Lippy from the Liffey
by Eddie Jordan
Back to Monaco this month for the yacht show. I was last there in July helping to cut the ribbon on the brand new Yacht Club de Monaco, the highlight of which was playing with my band in the main bar. There was endless Champagne, justifying the historic occasion! Everything the club does for yachting in the area is really quite special and I’m proud to be a member, but I’m also a member of the oldest yacht club in the world, the Royal Cork Yacht Club in Ireland, which was established in 1720 when a local lord and some friends got together and thought it was a good idea to start a sailing club.
The three passions in my life are motor racing, music and sailing. I’ve had the chance to do all three of them in this life, so I’m very lucky. But I raced boats long before I raced cars and that’s a very unusual thing to say. Most kids start with karting.
I went the other way around: I started racing dinghies just south of Dún Laoghaire in a place called Bray (south of Dublin), which is where I started life. I remember in 1966-67 doing the Irish 420 championships and then racing 505s, up to Lasers. I became involved in motor racing and did nothing with the sea for 20 or 30 years until about 1986, when I bought my first Sunseeker, a 27 Mohawk.
Since then, I’ve never had a year without a Sunseeker. This year I completed a circumnavigation in my Oyster 885, Lush. So I’ve got three boats: the new Sunseeker 155, a Sunseeker Manhattan 53 and Lush, which is massively extravagant for a pikey Paddy like me.
Most of my boats have been called Snapper, but I sold Chris Evans, the DJ, my old 37-metre Sunseeker and he refused to give up the name. He thought it was bad luck to rename the boat, so I said: “OK, you have Snapper – but when you sell it, the name comes back to me.”
I’ll say one thing beyond any doubt: having gone round the world to places like the Galápagos, the Marquesas and Bora Bora – the Mediterranean is still the best.
What it offers in terms of safety, food, nightlife, understanding of boating and yacht club fraternities is second to none. There’s nowhere quite like the Porquerolles Islands off Toulon and I adore Corsica, especially the north and west coasts and round from Porto-Vecchio to Bonifacio. I’m not a huge fan of Porto Cervo, it’s all a bit busy, but if you want to dress up, of course Portofino is gorgeous too.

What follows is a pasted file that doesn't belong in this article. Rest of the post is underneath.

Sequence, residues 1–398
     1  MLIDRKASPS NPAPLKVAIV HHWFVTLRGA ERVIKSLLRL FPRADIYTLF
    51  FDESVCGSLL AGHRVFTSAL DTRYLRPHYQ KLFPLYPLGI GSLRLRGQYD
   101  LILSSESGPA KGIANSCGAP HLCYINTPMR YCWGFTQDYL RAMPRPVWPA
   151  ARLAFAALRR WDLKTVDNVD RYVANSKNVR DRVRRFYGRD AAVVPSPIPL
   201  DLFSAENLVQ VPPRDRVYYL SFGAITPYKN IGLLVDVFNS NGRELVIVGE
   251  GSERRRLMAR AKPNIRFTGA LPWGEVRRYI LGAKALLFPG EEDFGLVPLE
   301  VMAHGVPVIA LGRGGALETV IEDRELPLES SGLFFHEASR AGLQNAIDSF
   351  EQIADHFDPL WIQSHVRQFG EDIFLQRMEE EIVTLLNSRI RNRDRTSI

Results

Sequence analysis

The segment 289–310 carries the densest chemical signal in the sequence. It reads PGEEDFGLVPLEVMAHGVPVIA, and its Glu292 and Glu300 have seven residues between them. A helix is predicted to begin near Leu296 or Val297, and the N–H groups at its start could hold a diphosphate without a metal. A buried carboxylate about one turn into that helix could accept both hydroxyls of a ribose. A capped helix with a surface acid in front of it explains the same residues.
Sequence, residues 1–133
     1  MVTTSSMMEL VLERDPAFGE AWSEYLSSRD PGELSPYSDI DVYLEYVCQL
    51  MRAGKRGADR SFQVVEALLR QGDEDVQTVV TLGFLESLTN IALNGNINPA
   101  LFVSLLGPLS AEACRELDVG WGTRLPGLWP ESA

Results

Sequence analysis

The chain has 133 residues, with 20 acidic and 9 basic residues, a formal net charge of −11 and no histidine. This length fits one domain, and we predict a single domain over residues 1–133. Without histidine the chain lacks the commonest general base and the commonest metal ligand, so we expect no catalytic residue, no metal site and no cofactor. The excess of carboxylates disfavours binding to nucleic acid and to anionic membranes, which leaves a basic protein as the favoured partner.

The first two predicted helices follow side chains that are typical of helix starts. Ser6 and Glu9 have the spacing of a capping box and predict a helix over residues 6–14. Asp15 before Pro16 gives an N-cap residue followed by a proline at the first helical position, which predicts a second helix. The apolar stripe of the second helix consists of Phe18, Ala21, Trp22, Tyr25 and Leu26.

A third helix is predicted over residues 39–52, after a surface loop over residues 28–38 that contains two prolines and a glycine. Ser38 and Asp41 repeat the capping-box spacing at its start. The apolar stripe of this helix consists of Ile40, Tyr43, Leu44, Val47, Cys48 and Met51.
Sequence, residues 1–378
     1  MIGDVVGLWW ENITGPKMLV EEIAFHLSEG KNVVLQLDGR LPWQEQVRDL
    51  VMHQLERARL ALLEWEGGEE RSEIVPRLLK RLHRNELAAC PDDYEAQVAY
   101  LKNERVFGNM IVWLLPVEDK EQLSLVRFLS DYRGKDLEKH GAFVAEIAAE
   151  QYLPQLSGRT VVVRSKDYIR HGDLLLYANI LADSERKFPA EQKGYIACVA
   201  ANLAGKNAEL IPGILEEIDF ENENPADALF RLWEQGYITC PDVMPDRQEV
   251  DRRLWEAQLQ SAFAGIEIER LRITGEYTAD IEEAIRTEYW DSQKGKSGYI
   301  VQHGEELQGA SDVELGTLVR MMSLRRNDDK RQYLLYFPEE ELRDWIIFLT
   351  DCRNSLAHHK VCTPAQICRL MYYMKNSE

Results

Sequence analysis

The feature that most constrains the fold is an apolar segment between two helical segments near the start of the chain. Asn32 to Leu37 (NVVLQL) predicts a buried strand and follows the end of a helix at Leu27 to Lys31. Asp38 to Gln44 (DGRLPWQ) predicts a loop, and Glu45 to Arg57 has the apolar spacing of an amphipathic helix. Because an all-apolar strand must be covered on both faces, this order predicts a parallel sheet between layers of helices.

If I’m back from a Formula One race and want to get away for a few days, I’ll head to a place called Anjuna (in Èze, France), where I have a rock ’n’ roll band and we play on Sundays.
We’re called The Robbers, which was a name given to me by Bernie Ecclestone. I asked him for something some time, and he said: “Jordan, you’re such a fucking robber.” And I said, “Thanks, Bernie, you’ve given me a great name for a rock ’n’ roll band.” It’s very close to the homes of two people from a very famous Irish band and they come and play.
Lots of people pitch up and it’s a complete hoot on a Sunday afternoon. Everyone gets a little bit loopy dancing on tables and things at four o’clock in the afternoon. It’s not anything I’d like my mother to see me doing!
When I was doing the circumnavigation we had Mike Rutherford from Genesis and Roger Taylor from Queen on board and had a party day. I like action and if it has to be non-sporting, it has to be music. If it’s sporting, then sailing and racing comes before motor racing at this stage, but that’s only because I’ve spent 35 years of my life deeply engrossed and embedded in motor racing.
Everyone does silly things. I was a complete clown in a place called Jost Van Dyke in the British Virgin Islands. It was just after New Year’s Eve and God knows what I had to drink or eat the night before, but I couldn’t get the anchor up.
So I’m being somewhat boisterous, explaining to my wife what I need to do, and I’m going backwards and forwards and she asks: “What is that noise?” It was the tender getting pulled under the boat and sinking after its rope went round the prop.
I had the most horrific hangover and spent the rest of the morning with a knife trying to cut the rope off the prop to get the tender back up.